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When the Chevrolet Camaro debuted for the 1967 model year, it had two goals to achieve. One was to successfully enter the pony car market, replacing the maligned Corvair as the small, sporty offering in Chevrolet's lineup, and the other was to go after the Ford Mustang in just about every possible way. Those early F-bodies are some of the most loved examples of the Camaro, but if there was one fault that truly could be found, it would be the gauges. These cars had two main tunneled gauges...the left side housed the speedometer, and the right gauge housed either a fuel gauge or the "Tic-Toc-Tach" tachometer/clock combination gauge. If the tachometer was ordered, the volt, temperature, fuel and oil pressure gauges were relegated to small, hard-to-read gauges situated in front of the shifter on the console. Not a prime location for the driver who wants to be fully aware of what is going on with their vehicle. And after over fifty years, accuracy is something to be concerned with.
In The Garage Media recently showcased the installation of Classic Instruments' Direct Fit G-Stock instrument cluster into an LT-swapped 1968 Camaro. With David Stoker of Stoker's Hot Rod Factory performing the work on the ex-drag racer, you are able to see the difference in this Camaro's interior. The leap from having just a speedometer and fuel gauge and "idiot lights" to having all of the information right in front of the driver, behind the steering wheel might seem vain to non-car people, but to drivers and gearheads alike, that information is critical. Add in that the G-Stock cluster's faces are reminiscent of lot of late 1960s Chevrolet clusters, such as the 1969 Chevelle and early C3 Corvettes, and the decision is a winner all around.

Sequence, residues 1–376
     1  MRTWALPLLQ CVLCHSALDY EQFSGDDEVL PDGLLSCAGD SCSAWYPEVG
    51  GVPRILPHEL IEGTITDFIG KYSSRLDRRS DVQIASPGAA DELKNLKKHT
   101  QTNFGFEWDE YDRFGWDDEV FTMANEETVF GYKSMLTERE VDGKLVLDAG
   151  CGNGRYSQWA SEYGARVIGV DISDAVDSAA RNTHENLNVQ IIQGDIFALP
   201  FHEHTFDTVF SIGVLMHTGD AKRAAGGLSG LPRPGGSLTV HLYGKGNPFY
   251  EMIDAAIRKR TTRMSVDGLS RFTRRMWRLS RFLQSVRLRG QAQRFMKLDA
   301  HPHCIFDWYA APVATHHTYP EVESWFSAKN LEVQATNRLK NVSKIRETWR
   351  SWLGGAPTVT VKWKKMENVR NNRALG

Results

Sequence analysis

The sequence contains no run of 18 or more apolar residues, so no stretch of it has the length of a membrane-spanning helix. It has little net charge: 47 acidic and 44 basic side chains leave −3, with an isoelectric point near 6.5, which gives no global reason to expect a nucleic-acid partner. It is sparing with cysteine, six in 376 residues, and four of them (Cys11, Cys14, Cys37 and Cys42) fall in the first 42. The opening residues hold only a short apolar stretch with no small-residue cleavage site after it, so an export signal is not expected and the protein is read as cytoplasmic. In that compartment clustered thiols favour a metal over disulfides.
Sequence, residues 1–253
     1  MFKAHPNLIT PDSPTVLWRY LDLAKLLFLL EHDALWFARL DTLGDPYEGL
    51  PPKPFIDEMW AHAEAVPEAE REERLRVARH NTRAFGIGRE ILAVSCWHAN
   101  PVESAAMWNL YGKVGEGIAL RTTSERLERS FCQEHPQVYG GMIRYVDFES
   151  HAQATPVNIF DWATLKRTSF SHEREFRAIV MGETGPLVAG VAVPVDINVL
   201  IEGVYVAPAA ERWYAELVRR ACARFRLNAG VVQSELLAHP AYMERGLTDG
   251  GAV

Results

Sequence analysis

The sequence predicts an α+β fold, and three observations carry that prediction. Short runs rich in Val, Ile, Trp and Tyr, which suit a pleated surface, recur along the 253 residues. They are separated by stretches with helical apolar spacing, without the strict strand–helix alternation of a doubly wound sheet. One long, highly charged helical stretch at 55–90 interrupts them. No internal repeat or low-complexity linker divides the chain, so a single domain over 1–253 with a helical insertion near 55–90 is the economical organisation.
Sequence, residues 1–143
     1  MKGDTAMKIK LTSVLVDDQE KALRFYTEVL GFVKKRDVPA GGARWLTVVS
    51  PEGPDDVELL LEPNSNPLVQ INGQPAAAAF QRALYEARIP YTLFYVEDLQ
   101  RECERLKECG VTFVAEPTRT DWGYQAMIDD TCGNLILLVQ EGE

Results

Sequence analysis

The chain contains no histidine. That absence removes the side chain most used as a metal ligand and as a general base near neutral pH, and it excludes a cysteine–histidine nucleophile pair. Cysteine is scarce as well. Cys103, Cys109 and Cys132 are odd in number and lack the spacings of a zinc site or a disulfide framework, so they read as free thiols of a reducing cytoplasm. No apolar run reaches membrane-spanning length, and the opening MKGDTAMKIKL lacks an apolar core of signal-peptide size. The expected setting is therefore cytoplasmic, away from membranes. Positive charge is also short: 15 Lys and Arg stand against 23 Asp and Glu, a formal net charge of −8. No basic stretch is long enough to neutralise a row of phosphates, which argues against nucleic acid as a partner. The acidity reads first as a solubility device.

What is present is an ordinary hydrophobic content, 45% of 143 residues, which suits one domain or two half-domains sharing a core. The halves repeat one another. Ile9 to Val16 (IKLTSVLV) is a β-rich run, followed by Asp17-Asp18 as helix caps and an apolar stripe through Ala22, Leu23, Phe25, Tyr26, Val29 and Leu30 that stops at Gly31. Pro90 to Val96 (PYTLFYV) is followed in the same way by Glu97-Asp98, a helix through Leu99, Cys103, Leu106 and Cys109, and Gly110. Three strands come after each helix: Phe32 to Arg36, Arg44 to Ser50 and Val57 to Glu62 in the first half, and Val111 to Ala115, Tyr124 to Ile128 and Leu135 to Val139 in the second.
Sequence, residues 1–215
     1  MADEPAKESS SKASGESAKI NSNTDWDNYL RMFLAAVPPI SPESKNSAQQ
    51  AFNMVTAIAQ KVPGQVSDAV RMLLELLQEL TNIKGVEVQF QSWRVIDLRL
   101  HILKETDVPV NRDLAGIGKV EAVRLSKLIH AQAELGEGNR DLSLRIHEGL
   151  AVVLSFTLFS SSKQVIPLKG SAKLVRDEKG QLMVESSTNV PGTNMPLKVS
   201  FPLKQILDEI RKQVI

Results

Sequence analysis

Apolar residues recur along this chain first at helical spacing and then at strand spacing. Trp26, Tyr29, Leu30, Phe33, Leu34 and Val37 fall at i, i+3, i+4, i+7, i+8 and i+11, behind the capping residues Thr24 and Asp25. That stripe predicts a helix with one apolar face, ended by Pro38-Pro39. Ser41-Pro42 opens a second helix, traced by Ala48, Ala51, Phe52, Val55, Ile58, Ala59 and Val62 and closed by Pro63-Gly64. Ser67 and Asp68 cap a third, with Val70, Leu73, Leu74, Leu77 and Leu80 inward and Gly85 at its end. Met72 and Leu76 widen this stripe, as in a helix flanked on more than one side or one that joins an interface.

The difference is night and day. The stock gauges did tell you how fast you were going and how much fuel was left in the tank, but that was it. The Classic Instruments gauges combine the speedometer and tachometer into one gauge, while the fuel level, oil pressure, engine temperature, and voltmeter gauges all reside in the second pod. No more hanging aftermarket gauges, no more guessing how the engine is performing.